Antique Appraisal Day brings new answers to old stuff

By Sean Barron


While traipsing through a wooded area several decades ago, Ed Kagy’s late father stumbled across a heavy, mysterious piece of limestone with a carved face.

Over the years, his father proffered a few theories surrounding his find but had

little concrete knowledge of its origin, except that it might be at least 2,000 years old.

Thirty-five years later, Ed Kagy is still seeking hard answers about the piece. And his quest was a step closer to fruition, thanks to Saturday’s Antique Appraisal Day at the Youngstown Historical Center of Industry and Labor, 151 W. Wood St.

Sponsoring the four-hour gathering were Youngstown State University students associated with the museum.

Several appraisers, generalists and art experts looked at and assessed a variety of collectibles such as old clocks, books, jewelry, stamp collections, family heirlooms and artwork, some of which dated to the 17th century, noted Aaron Swickard, event coordinator.

One woman brought merchandise that included her husband’s 1950 American Flyer train set. Each of three locomotives was worth between $250 and $300, Swickard estimated.

“It sits on our hearth as a decoration,” Kagy, of Hubbard, said after Steve Graban and Ken Layne, both with Leavittsburg-based Ken Layne Auctioneers, examined and evaluated his small, compact limestone piece.

Kagy, who came with his fianc e, Jedy Majovsky, said he also searched the Internet for information that could shed further light on the item, which weighs at least 40 pounds.

Majovsky added that she and Kagy received tips during Saturday’s appraisal about other auction houses that could help them learn more about the piece.

Jason Leggett of Lisbon brought several items that were much lighter and likely newer than the limestone carving, though new can be a relative term.

“It’s definitely my oldest book,” Leggett said, referring to a small 371-page book in French published in 1662 pertaining to Henry IV, who was King of England and Lord of Ireland from 1399 to 1413.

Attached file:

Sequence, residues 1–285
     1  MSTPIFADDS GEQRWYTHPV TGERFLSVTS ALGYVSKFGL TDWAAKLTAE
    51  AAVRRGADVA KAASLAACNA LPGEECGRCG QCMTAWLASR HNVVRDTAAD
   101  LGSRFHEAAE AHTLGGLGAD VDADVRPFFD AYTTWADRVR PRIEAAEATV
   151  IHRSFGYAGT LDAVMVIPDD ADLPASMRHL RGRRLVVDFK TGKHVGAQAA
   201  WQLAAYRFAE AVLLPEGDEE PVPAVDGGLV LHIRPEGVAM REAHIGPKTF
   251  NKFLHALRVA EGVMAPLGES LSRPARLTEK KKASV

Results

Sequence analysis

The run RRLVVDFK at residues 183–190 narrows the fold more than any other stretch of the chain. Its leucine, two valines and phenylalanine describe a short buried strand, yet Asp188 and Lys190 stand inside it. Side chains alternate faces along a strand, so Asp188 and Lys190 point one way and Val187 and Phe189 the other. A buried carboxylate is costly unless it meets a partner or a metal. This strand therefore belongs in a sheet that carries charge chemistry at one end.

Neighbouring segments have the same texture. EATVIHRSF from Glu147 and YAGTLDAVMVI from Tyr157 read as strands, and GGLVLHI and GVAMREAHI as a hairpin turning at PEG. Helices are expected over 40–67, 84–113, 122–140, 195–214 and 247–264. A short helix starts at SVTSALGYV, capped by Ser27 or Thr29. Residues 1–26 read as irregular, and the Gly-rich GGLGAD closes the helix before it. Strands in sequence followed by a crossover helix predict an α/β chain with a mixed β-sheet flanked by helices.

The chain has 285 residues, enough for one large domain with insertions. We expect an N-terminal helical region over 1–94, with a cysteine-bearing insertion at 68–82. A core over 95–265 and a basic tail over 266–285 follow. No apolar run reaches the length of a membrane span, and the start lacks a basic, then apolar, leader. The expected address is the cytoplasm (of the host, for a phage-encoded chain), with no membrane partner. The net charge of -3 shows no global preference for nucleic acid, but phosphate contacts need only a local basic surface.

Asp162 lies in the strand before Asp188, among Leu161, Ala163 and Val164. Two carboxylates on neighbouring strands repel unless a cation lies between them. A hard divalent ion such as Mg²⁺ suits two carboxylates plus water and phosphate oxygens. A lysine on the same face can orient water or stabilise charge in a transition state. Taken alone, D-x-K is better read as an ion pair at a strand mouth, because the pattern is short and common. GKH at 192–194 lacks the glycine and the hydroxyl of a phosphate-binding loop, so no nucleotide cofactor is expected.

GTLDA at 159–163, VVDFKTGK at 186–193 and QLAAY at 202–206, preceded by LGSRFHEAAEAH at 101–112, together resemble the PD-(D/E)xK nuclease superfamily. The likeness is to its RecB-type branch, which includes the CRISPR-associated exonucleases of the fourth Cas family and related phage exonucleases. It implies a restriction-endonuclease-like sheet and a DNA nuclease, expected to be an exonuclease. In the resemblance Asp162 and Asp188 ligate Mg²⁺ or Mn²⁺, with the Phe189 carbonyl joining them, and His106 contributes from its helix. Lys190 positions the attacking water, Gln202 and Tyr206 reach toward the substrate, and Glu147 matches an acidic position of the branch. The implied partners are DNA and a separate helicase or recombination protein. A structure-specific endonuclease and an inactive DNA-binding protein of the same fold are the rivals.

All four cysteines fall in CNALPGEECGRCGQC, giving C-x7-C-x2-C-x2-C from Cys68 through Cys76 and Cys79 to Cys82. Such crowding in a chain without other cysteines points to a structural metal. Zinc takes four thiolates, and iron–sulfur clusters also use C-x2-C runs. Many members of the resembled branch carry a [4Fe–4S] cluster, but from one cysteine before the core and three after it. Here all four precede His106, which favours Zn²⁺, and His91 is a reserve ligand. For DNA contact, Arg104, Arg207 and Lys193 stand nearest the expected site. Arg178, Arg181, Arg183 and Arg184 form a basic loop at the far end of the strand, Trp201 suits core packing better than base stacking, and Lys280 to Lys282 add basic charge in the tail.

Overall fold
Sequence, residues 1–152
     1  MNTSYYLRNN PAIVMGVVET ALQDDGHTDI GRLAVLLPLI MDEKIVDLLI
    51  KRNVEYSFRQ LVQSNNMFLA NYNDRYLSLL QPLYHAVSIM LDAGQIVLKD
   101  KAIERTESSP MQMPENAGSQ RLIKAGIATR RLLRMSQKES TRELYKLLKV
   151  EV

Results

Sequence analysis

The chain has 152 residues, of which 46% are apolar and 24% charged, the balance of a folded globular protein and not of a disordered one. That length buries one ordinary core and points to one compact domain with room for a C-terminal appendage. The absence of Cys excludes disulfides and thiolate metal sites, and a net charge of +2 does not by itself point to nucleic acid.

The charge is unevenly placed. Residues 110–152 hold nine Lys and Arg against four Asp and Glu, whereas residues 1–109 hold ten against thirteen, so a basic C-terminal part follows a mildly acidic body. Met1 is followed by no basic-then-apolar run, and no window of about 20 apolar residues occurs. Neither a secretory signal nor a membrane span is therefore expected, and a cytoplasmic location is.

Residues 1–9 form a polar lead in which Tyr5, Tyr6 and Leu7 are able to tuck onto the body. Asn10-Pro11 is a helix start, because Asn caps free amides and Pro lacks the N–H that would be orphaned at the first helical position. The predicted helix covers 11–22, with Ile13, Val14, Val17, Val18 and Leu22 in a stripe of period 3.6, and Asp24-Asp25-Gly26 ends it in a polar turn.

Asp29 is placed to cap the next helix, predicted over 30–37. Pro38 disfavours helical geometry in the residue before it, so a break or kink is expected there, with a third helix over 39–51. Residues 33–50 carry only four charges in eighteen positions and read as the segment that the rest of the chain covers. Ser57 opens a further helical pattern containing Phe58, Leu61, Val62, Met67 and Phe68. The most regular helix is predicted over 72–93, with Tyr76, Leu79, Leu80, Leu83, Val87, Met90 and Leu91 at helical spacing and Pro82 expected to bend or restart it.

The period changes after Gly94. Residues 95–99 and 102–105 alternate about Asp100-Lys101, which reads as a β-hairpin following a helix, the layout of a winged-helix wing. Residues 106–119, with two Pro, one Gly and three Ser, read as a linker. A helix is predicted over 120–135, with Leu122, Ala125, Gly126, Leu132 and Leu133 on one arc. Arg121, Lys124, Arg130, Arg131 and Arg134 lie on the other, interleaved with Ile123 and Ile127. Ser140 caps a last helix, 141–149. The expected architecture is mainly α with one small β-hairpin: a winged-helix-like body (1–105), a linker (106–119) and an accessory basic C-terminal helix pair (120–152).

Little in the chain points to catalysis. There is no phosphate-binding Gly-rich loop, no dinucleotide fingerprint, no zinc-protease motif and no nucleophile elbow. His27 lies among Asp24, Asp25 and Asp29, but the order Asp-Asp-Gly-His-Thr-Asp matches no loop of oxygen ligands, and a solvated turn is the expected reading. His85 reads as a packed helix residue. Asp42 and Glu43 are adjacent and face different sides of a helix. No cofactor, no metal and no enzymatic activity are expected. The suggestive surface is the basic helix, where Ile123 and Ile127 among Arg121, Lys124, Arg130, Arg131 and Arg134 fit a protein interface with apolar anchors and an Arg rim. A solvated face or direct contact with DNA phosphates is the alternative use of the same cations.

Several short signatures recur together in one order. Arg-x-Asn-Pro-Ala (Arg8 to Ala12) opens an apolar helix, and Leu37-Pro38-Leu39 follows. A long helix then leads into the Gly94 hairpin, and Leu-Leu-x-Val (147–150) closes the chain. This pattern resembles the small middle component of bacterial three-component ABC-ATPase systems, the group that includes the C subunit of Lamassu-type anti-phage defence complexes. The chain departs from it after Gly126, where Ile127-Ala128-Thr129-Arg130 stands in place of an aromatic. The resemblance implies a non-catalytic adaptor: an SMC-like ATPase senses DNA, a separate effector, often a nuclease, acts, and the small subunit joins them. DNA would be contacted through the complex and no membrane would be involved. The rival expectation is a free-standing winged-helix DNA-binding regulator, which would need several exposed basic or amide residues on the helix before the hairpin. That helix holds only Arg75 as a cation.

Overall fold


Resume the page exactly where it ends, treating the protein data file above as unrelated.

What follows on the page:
Leggett, a YSU graduate student majoring in history, bought that book online about 15 years ago, along with a copy of an original 1729 collection of poems relating to Henri Voltaire, considered one of France’s greatest writers and philosophers from the Age of Enlightenment.

In keeping with his interest in history, Leggett also bought and had appraised a framed poster about the French Revolution.

The recruitment poster, written Sept. 12, 1791, in French and German, was a call to arms, Leggett explained, adding that he has no intention of selling the poster or books.

A handful of attendees brought jewelry and money, which Mike Flugher held to close scrutiny.

Flugher, a co-owner of Instant Cash for Gold & Diamonds, said that gold-plated stamps and currency from Belize were among items to cross his desk. In addition, one out-of-the-ordinary ruby ring found its way to him.

“The diamond was cut in a way I had never seen before,” Flugher said about one woman’s keepsake from the late 18th or early 19th century.

Saturday’s appraisal was the second of its kind, the first of which last March “ended up being a resounding success,” Swickard recalled.

Coming up with the idea was Dr. Donna DiBlasio, a YSU history professor who’s also director of the Center for Historic Preservation, he said.

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